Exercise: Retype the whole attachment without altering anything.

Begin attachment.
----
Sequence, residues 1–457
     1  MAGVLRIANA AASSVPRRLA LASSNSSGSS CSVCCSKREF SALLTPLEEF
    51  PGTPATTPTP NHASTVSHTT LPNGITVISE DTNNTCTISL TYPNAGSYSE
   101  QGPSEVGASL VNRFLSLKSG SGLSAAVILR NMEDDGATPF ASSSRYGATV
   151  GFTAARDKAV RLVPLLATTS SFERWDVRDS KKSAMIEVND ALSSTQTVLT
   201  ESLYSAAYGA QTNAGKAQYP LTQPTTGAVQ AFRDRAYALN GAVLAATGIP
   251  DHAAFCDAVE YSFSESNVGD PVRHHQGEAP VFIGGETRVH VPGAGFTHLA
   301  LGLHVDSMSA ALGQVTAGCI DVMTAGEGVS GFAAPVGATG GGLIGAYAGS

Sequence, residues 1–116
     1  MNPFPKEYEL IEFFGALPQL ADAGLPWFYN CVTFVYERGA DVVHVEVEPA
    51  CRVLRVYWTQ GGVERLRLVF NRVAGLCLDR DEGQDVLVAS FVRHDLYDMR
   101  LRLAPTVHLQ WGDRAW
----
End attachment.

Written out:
Sequence, residues 1–457
     1  MAGVLRIANA AASSVPRRLA LASSNSSGSS CSVCCSKREF SALLTPLEEF
    51  PGTPATTPTP NHASTVSHTT LPNGITVISE DTNNTCTISL TYPNAGSYSE
   101  QGPSEVGASL VNRFLSLKSG SGLSAAVILR NMEDDGATPF ASSSRYGATV
   151  GFTAARDKAV RLVPLLATTS SFERWDVRDS KKSAMIEVND ALSSTQTVLT
   201  ESLYSAAYGA QTNAGKAQYP LTQPTTGAVQ AFRDRAYALN GAVLAATGIP
   251  DHAAFCDAVE YSFSESNVGD PVRHHQGEAP VFIGGETRVH VPGAGFTHLA
   301  LGLHVDSMSA ALGQVTAGCI DVMTAGEGVS GFAAPVGATG GGLIGAYAGS

Sequence, residues 1–116
     1  MNPFPKEYEL IEFFGALPQL ADAGLPWFYN CVTFVYERGA DVVHVEVEPA
    51  CRVLRVYWTQ GGVERLRLVF NRVAGLCLDR DEGQDVLVAS FVRHDLYDMR
   101  LRLAPTVHLQ WGDRAW